Show Me The Numbers is a general guide to data visualization, though most of the advice is phrased a little more towards explanatory than exploratory. The format and writing of the book has a helpful and conversational tone. It includes quiz like formats for reinforcement in some sections, and concise chapter summaries throughout. There is a refresher on most common statistics, plus emphasis also on table design and when to use them. Presentations such as vocabulary-to-quantitative-plots-type associations may be particularly valuable for audiences who don't already regularly converse about data.
Now You See It focuses on exploratory data analysis, and provides a somewhat condensed set of basics compared to those in Show Me The Numbers. This book is particularly valuable in its reliance mostly on familiar plot types, which are likely to be available to users in any modern software of language. In so far as it presents refined ways to use common visuals it is a far more practical dashboard guide than Few's book explicitly on dashboards (which you'll find far below).
A phrasing of the data visualization more like a design process. This is not to imply it focuses more on the aesthetics, but that it prompts and guides very explicit consideration of the audience motivation and context for data visualization work. Kirk takes a compromising and realistic approach, as well as providing additional online resources (not reviewed). The book is a little bullet-pointy, but at the service of summarizing frequently. A substantial section covers what Kirk calls the 'Hidden Thinking' around goals, audience, and data handling, and editorial sense. There is a plot type quick-reference in the center of the book for, and a section devoted to data literacy as a consumer of data visualizations. Because the overall the focus is weighted towards the reasoning around data design, and the plot examples used are mostly from external publication sources, this book is not as much a source for consistent style inspiration or rapidly applicable dos and don'ts. Colorful quotes from well established sources such as authors on this review dot the book, but doesn't cite out to further reading directly in text (it's also online).
Makeover Monday grew out of weekly reworking of a broad range of data visualizations. Those 'Makovers' were presented online and inspired a participating community. This book is a more introductory level than most of the others in the Specialty group, but it didn't quite fit the developed thoroughness of coverage that characterize either the Jump-start or Foundational materials. Despite a bit of awkwardness as to what level it addresses, it has some very valuable aspects. It contains helpful emphasis on how to approach a new dataset, high level quality or 'sense' checking data, and iteration. Another particularly helpful aspect is that many of the makeovers presented improve a visualization without completely restyling it. Because of its origin, it is also an introduction to a distributed data viz community as a potential space to grow your skills outside of your immediate professional environment and pressures.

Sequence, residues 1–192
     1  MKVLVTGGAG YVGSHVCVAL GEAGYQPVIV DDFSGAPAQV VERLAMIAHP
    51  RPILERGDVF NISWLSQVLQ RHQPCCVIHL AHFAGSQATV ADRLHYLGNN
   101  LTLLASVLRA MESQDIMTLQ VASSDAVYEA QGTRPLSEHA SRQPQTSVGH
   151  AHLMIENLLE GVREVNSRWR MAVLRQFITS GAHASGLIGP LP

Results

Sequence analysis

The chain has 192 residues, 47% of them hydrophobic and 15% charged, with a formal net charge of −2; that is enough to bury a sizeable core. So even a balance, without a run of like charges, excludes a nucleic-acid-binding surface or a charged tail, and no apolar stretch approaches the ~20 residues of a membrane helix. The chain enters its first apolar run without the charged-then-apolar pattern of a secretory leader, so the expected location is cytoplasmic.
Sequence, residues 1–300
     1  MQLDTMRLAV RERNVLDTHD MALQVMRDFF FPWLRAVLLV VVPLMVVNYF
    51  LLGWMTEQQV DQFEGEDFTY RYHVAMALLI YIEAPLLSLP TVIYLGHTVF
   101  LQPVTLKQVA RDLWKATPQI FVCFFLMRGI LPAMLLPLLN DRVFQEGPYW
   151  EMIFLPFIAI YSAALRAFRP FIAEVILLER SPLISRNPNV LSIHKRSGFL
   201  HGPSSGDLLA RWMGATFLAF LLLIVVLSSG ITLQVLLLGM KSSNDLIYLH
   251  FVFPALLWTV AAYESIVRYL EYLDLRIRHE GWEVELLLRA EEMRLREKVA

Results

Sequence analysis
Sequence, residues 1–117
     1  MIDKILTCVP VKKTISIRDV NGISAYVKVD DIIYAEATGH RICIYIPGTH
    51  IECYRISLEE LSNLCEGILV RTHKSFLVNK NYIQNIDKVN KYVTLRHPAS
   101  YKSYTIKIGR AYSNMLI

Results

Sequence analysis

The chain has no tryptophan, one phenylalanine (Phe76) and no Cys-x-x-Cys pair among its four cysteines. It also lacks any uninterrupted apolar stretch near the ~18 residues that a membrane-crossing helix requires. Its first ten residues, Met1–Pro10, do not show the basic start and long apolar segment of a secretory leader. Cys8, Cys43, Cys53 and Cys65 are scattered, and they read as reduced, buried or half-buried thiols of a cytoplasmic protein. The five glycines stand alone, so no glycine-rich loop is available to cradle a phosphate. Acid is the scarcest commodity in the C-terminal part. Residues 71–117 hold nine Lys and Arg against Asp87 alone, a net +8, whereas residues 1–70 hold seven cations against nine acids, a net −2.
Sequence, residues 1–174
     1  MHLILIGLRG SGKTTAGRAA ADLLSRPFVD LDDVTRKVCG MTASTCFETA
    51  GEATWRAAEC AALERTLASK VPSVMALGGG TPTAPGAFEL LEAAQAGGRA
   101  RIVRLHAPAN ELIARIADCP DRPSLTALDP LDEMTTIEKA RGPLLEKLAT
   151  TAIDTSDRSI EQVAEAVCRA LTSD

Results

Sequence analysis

Andrews presents a historic, linguistic, and cultural context for how we communicate information. The book leans towards, but does not exclusive focus on, the quantitative. It is infused extensively with erudite references and quotations, which are enjoyable but also a bit distracting at times. There is good advice on specifics, though it's pretty condensed and often given abstractly or generally. Particularly noteworthy are the charming had styled illustrations throughout, including a short section at the end on how they were produced. The drawings make this book especially timely given the recent popularity of sketch-noting.
Per the title, the focus here is on Storytelling, and many of the specifics are for presentations. This book starts from the point where you have quality data that you understand to tell a story. You'll find concise but quality treatment of visual good practices, and mentions of other notable presentation resources. While there is emphasis on the importance of context, the advice that it should be largely omitted from the final story seems of questionably general. I would suggest this book those already well versed in exploratory data analysis and quantitative fundamentals, who now need to expose the few gems compellingly to an audience several steps removed.
Munzer provides a textbook with a rigorous formal structure for the discipline of creating and evaluating visualizations. There is an emphasis and greater coverage on interactive and scientific exploratory applications. Academic feeling design sensibilities mean that while it's a thorough and precise treatment of the subject technically, it is not a source for inviting visual inspiration.
As with his more general book, Cairo’s writing is a pleasure to read. Treating explanatory visualizations as also intended to be explored, it is more tolerant of decoration while also explicitly expressing respect for the intellect and curiosity of the audience. The Functional Art covers design principles and practices grounded in cognition, with the context of larger compositions sourced from popular publication infographics and visualization. Midway through, the book transitions into case studies and interviews.